Norbik (right) and Mohd Nazri wth MyEV charging pillar.

SINCE the beginning of this year, Prof Datuk Dr Norbik Bashah Idris Norbik and his 10 researchers at UTM Advanced Informatics School in Kuala Lumpur have been working hard in the lab. Their aim is to create a universal charging solution for electric cars. These are cars that run totally on battery instead of fuel, diesel or combination of feual and battery (hybrid).

Since they run fully on battery power, these new generations of green cars would need charging stations to be placed at strategic places around the country to replace petrol stations.

However, the issue that carmakers and the government face is the absent of a universal charger.

Making it universal

According to Norbik, the idea to develop the universal charger came when UTM had a discussion with the Ministry of Energy, Green Technology and Water (KeTTA) and car makers like Nissan, Mitsubishi, Panasonic Engineering Malaysia and General Electric Malaysia.

The car manufacturers wanted to bring in their electric cars here. KeTTA suggested that a standard charging system be developed first for Malaysian environment, and that’s how we started, says the 53-year-old professor and technopreneur.

According to him, one of the main problems with current charging stations is the non-compatibility of the various systems due to usage of different ampere ratings.

Consequently, some chargers will only support charging of certain models of vehicles. It would be very frustrating for a driver to arrive at a charging station only to discover that he cannot re-charge, says Norbik.

So what he and his team did was working on a charging protocol that could communicate with all car manufacturers.

Norbik says there are electric car chargers available today but none are capable of providing universal charging capability to different electric cars with different electrical power needs.

Based on two industry chargers from Panasonic and GE, Norbik started to work on an Open Charge Point Protocol or OCPP that could provide charging capability at multiple amphere.

This would enable all types of electric cars to be charged using a single charger.

The MyEV project is now completed and once the pillars are customised, we will give back to the manufacturers like Panasonic and GE to produce for the Malaysian market, says Norbik.

He says MyEV is intended for general public use, for example at shopping malls (KLCC, Lot10, Pavilion, Midvalley Megamall, 1Utama, etc), airports, universities, offices, public car parks as well as at R&R along the highways. Being universal, it does have special cabling in order to provide higher charging power requirements.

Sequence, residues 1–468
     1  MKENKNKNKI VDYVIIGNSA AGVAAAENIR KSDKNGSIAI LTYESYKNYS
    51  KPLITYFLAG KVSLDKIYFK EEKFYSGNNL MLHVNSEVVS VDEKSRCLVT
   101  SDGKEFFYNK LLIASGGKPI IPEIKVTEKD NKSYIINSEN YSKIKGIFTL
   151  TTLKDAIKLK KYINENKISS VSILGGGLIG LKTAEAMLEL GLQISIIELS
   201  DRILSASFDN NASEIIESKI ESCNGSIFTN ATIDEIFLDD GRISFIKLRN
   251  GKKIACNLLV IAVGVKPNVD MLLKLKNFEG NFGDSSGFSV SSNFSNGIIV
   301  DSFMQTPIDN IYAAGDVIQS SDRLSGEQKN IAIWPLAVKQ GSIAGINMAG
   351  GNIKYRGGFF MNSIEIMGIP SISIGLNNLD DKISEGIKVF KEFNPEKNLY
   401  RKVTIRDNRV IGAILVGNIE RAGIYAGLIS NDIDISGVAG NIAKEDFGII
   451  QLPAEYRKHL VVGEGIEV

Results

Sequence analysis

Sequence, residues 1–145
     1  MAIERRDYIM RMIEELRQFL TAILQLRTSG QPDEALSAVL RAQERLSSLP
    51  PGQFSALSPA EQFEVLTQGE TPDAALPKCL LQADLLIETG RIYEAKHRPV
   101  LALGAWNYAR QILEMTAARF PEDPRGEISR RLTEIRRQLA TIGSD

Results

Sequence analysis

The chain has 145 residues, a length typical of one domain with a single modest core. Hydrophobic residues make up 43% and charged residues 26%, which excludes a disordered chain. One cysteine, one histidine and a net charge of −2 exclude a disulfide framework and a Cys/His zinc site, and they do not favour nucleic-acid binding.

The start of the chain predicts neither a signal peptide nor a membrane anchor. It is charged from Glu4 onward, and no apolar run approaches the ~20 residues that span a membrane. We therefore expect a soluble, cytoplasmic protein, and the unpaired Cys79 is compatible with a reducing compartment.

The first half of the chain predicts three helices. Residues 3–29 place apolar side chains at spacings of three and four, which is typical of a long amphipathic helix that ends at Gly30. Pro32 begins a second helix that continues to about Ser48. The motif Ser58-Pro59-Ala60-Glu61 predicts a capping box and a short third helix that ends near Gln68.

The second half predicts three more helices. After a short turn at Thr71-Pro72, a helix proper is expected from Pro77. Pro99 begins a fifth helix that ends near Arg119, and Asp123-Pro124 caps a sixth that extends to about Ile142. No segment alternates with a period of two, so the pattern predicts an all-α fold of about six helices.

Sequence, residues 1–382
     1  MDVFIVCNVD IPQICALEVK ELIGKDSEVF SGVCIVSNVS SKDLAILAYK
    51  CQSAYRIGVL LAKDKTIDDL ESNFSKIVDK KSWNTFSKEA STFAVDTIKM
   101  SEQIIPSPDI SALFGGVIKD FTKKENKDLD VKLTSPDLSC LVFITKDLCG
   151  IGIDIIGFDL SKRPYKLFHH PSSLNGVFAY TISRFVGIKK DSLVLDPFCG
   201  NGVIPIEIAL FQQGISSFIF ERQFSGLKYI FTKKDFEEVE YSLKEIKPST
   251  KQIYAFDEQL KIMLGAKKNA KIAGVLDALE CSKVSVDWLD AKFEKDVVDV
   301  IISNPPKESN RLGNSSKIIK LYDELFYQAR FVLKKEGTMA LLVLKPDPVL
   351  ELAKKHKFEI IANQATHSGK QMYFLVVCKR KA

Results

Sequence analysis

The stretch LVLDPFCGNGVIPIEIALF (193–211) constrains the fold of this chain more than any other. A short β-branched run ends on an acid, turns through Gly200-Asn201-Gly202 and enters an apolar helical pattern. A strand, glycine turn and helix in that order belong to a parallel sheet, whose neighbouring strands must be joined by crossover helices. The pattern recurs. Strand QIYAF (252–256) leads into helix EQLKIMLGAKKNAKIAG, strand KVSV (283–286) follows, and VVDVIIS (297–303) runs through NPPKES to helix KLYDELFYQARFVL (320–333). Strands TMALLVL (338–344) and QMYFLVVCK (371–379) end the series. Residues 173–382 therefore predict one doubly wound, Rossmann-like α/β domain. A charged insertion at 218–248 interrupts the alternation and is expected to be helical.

Universal design

According to MyEV project manager Dr Mohd Nazri Kama, the main objective of MyEV is to provide a universal platform whereby any model of vehicle can be charged at its charging station.

He says the user simply has to choose the right ampere rating for his vehicle and the desired duration of charging.

Payments can be made via credit cards or similar systems like the Touch-N-Go, or even using MyKad.

Apart from that, the backend component of MyEV provides many other services to electric vehicle owners/drivers as well as charging stations operators.

To drivers, MyEV can guide them to the nearest available charging stations (via GPS and augmented reality technology), make an early bookings of a charging stations to avoid unnecessary waiting as well as maintain a history charging record. To operators, MyEV provides business planning, determine ROIs, power consumption/reporting and so forth.

Mohd Nazri cites a usage scenario where a driver who realises that the remaining energy in his car will last him the next 15 km and needs to quickly find a charging station.

He can use his smartphone to determine his current location and find out where is the nearest charging station.

Having done that, he will use the GPS to navigate his way and if necessary even use the augmented reality support to speed up his search. When he arrives, he uses his TouchCard to authenticate himself with the system, select his current rating and duration and start charging. As soon as the charging is completed, an SMS would be sent to his mobile phone alerting the car is ready. His charging record is then updated including his remaining balance in the subscriber account.?

Future of electric vehicles

Currently, there are no electric vehicles on Malaysian roads officially yet, but initiatives to introduce these cars have started with the testing of Nissan Leaf and Mitsubishi MiEV.
Norbik says these cars are already used in Japan, the US and Australia.

Based on experiences in these countries, the early adopters would comprise about 10 per cent of the masses who purchase electric/hybrid vehicles as a lifestyle item.
Some in this group are also those who believe strongly in ?greening? the planet,? he adds.

Source: NST Monday, November 26, 2012